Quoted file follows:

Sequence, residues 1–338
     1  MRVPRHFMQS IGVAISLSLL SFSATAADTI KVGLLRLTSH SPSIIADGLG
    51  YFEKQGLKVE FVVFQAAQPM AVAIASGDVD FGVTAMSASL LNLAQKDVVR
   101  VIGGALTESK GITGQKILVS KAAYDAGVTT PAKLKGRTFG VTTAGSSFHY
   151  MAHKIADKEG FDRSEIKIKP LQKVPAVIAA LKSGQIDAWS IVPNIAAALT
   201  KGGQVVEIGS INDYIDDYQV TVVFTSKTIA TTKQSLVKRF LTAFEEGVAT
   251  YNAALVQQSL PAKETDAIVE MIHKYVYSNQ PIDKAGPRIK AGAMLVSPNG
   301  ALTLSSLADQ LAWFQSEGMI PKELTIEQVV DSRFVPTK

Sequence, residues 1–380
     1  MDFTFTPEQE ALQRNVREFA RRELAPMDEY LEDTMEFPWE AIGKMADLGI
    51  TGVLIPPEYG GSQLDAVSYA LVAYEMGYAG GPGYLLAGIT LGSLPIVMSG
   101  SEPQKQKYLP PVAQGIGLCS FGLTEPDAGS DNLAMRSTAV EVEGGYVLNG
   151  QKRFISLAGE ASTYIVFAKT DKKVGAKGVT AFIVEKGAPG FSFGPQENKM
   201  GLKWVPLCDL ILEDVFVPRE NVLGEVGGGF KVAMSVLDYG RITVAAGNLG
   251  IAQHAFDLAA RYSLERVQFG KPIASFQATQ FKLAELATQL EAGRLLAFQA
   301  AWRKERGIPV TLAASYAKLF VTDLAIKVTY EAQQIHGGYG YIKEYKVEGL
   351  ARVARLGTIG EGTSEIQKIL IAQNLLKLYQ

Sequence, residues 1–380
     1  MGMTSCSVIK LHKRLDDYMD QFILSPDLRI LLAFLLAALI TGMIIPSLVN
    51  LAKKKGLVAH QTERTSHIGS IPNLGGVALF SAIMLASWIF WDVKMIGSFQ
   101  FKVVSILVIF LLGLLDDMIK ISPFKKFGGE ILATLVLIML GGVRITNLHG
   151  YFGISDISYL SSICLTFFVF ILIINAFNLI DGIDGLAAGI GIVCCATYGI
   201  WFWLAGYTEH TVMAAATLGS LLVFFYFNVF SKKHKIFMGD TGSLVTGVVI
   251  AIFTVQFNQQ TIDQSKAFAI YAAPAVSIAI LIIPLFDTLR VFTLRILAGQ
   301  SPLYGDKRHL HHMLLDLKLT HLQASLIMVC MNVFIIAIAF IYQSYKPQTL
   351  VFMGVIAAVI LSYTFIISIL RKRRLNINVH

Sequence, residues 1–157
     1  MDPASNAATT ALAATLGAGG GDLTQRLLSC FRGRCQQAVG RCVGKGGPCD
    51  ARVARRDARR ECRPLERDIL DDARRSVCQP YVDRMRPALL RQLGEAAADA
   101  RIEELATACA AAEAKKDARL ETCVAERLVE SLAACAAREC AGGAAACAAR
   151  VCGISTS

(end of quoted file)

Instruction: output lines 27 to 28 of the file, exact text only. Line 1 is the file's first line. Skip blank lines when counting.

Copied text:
Sequence, residues 1–157
     1  MDPASNAATT ALAATLGAGG GDLTQRLLSC FRGRCQQAVG RCVGKGGPCD